Venezuela Travel Warning
Issued by US Department of State
Jun 06, 2004
This Public Announcement is being issued to update U.S. citizens on the possibility of violence during political demonstrations in Venezuela. It supersedes the Public Announcement of March 10, 2004, and will expire on August 24, 2004.
The political situation in Venezuela remains fluid. The opposition continues efforts to recall President Chavez. Supporters of both the government and opposition can be expected to hold political demonstrations and marches in the period covered by this announcement. There is always potential for violence at these demonstrations. Deaths and injuries have occurred in some previous demonstrations. U.S. citizens should avoid all demonstrations and areas where groups are gathering. American citizens should exercise caution when traveling in Caracas and throughout Venezuela.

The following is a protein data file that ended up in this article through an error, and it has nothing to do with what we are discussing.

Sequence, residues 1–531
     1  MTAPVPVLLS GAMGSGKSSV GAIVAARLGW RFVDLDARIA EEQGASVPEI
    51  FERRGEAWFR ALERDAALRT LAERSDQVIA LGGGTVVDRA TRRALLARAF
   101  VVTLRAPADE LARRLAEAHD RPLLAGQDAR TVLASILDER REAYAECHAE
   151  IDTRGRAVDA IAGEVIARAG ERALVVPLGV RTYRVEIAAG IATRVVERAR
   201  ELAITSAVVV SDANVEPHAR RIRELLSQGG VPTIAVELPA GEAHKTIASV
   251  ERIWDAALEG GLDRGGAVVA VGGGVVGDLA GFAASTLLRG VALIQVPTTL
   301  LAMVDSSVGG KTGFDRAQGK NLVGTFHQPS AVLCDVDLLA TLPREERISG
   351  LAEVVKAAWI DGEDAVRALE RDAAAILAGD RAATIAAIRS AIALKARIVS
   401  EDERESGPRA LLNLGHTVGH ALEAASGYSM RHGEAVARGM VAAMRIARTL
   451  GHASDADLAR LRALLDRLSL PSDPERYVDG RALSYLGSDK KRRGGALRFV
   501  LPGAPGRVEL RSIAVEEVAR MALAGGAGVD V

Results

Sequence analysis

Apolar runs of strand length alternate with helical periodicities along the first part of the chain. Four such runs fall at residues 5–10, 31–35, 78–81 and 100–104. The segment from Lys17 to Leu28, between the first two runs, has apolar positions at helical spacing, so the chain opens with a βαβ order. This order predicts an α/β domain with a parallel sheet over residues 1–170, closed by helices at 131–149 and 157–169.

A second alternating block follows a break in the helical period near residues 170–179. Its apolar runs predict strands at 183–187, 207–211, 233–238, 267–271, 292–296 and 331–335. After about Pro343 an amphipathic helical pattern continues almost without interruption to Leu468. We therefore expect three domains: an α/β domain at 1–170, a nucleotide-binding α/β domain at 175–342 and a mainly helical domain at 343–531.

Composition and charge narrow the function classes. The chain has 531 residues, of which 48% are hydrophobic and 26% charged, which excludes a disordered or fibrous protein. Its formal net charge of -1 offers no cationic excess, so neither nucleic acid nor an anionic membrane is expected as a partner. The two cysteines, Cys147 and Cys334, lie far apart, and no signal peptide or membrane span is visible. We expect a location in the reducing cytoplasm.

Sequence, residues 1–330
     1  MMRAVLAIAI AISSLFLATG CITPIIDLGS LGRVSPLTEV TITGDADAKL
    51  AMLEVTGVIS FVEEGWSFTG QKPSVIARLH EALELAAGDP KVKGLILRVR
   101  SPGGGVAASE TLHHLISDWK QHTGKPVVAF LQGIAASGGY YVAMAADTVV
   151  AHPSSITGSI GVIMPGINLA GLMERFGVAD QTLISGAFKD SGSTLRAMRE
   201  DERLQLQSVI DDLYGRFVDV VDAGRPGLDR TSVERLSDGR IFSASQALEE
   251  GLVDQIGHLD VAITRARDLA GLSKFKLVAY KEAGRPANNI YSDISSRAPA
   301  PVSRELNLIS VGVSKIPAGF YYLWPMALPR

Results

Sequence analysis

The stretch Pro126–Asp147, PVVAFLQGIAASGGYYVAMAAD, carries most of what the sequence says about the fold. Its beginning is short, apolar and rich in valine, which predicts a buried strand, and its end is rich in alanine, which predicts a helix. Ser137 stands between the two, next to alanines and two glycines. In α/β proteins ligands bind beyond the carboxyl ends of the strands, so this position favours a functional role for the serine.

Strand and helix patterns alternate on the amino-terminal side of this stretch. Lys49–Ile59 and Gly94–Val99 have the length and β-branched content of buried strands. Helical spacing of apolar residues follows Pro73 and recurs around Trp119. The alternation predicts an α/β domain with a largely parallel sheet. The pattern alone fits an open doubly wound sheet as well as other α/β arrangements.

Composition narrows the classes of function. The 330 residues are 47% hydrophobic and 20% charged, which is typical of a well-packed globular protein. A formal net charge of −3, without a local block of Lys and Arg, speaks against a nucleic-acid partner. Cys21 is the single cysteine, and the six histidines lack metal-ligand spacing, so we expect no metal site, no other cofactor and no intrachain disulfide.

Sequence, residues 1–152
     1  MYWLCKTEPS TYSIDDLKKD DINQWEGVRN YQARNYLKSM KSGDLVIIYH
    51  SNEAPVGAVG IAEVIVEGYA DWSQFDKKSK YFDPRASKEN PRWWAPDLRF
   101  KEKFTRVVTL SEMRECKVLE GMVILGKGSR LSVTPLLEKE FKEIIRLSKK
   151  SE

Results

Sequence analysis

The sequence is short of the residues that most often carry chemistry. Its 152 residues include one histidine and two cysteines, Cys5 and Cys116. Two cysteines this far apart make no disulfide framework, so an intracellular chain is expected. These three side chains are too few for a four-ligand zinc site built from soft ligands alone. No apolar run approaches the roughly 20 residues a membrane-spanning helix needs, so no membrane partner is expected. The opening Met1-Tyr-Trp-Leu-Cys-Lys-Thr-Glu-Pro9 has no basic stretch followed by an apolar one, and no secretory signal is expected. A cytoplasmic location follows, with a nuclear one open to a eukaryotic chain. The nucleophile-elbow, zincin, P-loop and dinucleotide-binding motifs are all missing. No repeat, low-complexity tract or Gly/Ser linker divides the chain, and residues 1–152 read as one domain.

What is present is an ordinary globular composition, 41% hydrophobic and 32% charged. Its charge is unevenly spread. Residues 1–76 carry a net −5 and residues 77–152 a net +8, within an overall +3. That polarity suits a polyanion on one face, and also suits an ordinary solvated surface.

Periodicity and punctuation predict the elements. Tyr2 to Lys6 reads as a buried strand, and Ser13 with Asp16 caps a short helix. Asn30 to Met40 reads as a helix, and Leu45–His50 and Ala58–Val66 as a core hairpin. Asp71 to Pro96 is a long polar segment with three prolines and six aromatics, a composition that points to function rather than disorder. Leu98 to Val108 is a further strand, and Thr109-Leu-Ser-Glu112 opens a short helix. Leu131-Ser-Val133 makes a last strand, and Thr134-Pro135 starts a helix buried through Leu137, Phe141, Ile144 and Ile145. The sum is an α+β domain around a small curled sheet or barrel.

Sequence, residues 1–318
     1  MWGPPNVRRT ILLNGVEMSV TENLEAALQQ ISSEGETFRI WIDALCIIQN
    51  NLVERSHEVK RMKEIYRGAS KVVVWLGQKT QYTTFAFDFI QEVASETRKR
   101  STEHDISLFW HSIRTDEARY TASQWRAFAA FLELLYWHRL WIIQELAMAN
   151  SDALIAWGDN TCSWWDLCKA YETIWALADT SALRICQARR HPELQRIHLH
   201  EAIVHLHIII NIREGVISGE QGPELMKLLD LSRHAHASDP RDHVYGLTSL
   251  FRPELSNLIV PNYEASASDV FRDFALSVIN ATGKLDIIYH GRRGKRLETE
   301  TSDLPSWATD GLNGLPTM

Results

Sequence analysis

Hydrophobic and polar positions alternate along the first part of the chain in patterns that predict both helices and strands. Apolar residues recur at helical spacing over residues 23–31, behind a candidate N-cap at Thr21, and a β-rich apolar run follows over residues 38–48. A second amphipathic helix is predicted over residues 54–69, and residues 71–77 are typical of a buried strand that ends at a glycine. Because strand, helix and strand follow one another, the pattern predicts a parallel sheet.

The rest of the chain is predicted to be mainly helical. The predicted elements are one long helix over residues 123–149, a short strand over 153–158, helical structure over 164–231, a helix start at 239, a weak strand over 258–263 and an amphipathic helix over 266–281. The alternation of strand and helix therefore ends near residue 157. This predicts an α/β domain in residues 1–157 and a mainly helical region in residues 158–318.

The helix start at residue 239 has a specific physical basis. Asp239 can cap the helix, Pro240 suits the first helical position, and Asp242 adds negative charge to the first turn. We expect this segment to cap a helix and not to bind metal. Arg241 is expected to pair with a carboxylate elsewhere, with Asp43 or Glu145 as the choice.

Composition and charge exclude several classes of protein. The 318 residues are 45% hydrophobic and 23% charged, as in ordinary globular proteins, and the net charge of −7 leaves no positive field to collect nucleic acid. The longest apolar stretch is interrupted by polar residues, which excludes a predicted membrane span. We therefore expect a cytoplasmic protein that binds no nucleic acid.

Recently, there has been an increase in anti-American rhetoric. Additionally, two churches outside Caracas affiliated with a denomination headquartered in the U.S. were attacked with grenades in late May. American citizens should exercise caution when in places where U.S. citizens congregate as well as places associated with the United States.
Americans are advised to check the U.S. Embassy web site: http://www.embajadausa.org.ve/ for additional information on the current situation in Venezuela, including information regarding road closures. Additionally, they should monitor radio and TV broadcasts for the latest developments.
In the case of an emergency or for the latest security information, the U.S. Embassy can be reached by e-mail at [email protected] or by telephone at 58-212-975-9777 during working hours. Up to date information on security conditions can also be obtained by calling 1-888-407-4747 toll-free in the U.S., or, for callers outside the U.S. and Canada, a regular toll line at 1-317-472-2328. For further information, please see the Consular Information Sheet for Venezuela and the Worldwide Public Announcement on the Bureau of Consular Affairs Internet home page at http://travel.state.gov.